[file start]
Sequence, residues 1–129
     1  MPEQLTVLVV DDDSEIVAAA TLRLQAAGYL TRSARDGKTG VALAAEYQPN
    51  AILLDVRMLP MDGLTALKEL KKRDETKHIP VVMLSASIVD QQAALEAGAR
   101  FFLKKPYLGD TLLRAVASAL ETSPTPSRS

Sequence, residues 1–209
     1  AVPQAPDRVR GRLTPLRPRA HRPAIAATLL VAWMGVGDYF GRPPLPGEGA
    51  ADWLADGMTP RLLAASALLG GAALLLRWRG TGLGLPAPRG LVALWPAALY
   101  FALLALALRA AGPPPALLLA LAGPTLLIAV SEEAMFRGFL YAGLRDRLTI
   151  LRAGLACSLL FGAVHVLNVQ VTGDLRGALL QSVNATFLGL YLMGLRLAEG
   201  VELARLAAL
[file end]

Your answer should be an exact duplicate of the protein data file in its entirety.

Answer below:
Sequence, residues 1–129
     1  MPEQLTVLVV DDDSEIVAAA TLRLQAAGYL TRSARDGKTG VALAAEYQPN
    51  AILLDVRMLP MDGLTALKEL KKRDETKHIP VVMLSASIVD QQAALEAGAR
   101  FFLKKPYLGD TLLRAVASAL ETSPTPSRS

Sequence, residues 1–209
     1  AVPQAPDRVR GRLTPLRPRA HRPAIAATLL VAWMGVGDYF GRPPLPGEGA
    51  ADWLADGMTP RLLAASALLG GAALLLRWRG TGLGLPAPRG LVALWPAALY
   101  FALLALALRA AGPPPALLLA LAGPTLLIAV SEEAMFRGFL YAGLRDRLTI
   151  LRAGLACSLL FGAVHVLNVQ VTGDLRGALL QSVNATFLGL YLMGLRLAEG
   201  VELARLAAL